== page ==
Proposed 'hack back' law would not have stopped WannaCry

The 'hack back' debate isn't going away, but every time it resurfaces the problems surrounding the topic are the same

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On Monday, the Financial Times published a story concerning a proposed bill form Representative Tom Graves, a Republican from Georgia's 14th district.

Graves has proposed changing the Computer Fraud and Abuse Act (CFAA) to allow organizations to fight back when being attacked online. But is this a smart, or even workable solution for enterprise operations?

Graves' proposal, the Active Cyber Defense Certainty Act (ACDC) was introduced in March of this year. The two-page draft has left some legal and security experts Thunderstruck, because 'hacking back' is a slippery slope that has more cons than pros.

According to Graves, the bill will alter the CFAA in order to allow the use of "limited defensive measures that exceed the boundaries of one's network in an attempt to identify and stop attackers."

“This bill is about empowering individuals to defend themselves online, just as they have the legal authority to do during a physical assault. While the bill doesn’t solve every problem, it's an important first step," Graves said.

Salted Hash consulted legal experts and security managers for their take on the topic. On the legal side, experts said the draft (as it stands) is vague and lacks teeth. For example, a victim is defined as an "entity that is a victim of a persistent unauthorized intrusion of the individual entity’s computer."

So, what counts as persistent? Does the usage of the word intrusion exclude DDoS attacks and Phishing as offenses that an entity can respond to?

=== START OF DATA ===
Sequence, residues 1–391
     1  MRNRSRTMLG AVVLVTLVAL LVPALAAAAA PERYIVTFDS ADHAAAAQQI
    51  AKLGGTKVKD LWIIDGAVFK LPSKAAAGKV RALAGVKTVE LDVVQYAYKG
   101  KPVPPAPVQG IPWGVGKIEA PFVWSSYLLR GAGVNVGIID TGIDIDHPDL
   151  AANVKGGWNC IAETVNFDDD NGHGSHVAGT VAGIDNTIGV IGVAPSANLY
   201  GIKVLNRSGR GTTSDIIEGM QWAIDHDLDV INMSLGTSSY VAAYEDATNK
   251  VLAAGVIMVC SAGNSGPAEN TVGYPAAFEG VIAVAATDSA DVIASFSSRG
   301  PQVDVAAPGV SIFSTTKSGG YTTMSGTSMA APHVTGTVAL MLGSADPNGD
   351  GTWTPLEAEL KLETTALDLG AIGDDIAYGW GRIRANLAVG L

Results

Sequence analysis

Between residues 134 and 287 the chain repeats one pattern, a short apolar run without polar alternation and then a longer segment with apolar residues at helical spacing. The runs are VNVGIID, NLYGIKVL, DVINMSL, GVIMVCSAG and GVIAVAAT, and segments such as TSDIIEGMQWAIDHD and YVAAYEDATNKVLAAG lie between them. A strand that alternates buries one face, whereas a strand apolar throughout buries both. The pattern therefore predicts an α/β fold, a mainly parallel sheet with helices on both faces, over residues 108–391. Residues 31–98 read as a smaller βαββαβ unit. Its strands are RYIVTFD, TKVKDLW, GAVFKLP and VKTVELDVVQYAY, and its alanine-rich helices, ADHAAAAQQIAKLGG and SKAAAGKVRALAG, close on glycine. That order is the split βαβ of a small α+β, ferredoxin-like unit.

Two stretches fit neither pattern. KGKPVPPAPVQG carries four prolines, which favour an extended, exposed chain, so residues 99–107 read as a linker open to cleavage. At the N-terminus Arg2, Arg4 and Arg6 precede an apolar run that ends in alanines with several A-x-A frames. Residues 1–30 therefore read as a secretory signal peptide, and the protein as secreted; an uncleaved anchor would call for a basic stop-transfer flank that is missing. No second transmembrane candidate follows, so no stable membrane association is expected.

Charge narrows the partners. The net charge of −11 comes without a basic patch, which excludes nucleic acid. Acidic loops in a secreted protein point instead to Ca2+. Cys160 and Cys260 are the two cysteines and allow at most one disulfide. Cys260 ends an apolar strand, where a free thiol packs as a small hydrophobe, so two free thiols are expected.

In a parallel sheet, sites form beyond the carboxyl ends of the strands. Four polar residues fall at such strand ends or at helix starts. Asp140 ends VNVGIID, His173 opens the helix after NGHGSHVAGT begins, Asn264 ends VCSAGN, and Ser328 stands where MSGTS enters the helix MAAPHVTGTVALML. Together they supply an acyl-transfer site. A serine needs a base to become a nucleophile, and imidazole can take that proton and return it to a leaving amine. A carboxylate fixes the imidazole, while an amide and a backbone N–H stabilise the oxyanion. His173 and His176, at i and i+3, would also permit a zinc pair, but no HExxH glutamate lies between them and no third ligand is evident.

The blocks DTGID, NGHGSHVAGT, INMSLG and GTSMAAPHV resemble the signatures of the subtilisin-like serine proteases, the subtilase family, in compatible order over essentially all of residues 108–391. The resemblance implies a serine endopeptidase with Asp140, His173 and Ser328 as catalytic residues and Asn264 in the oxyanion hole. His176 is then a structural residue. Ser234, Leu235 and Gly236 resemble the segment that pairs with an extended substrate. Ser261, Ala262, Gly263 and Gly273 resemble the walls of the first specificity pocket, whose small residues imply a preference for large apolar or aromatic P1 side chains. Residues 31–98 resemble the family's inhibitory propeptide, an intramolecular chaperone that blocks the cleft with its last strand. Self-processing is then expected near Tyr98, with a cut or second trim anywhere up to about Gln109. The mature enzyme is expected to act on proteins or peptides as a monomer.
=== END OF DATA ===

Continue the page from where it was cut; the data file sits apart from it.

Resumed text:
We were then directed to a post published earlier this year by Lawfare contributor Robert Chesney. The post talks about the proposed bill and some of the legal challenges it presents. It's a solid primer for those wishing to understand some of the legal context.

The security experts Salted Hash consulted were against 'hack back' scenarios in any shape or form. Not only because they lack the resources to mount such an effort, but because the legal risks are not worth the effort.

So why is all of this back in the news?

After the person(s) responsible for WannaCry did their dirty deed earlier this month, (dirt cheap too, as the Bitcoin wallets used for ransom payments are still sitting untouched), Graves said his bill, if it were passed already, would've "had a positive impact potentially preventing the spread to individuals throughout the U.S."

“Our proposal is to empower individuals and companies to fight back basically and defend themselves during a cyberattack," Graves added.

That isn't exactly true. The spread of WannaCry was slowed because a researcher located the kill switch and activated it. Even then, a 'hack back' law would not have addressed the reason the Ransomware was able to spread in the first place, and worse, such a law could've had damning consequences, as many of the attacking systems were victim's themselves.

Would Graves' proposal address missing patches, and policy issues that leave an entity exposed to attack? As the draft stands now, it doesn't, and that's a big deal. Victim blaming doesn't really help, but at the same time, ignoring the basics (e.g. patches, compensating controls) isn't helping either.

The draft released in March is being rewritten to include some additional safeguards, including law enforcement notification if they choose to 'hack back'.

The larger problem though, is that if an organization can't protect its own data, how are they going to launch an accurate and meaningful counteroffensive?

For more on Active Defense, the Center for Cyber & Homeland Security published a report on the topic last October.

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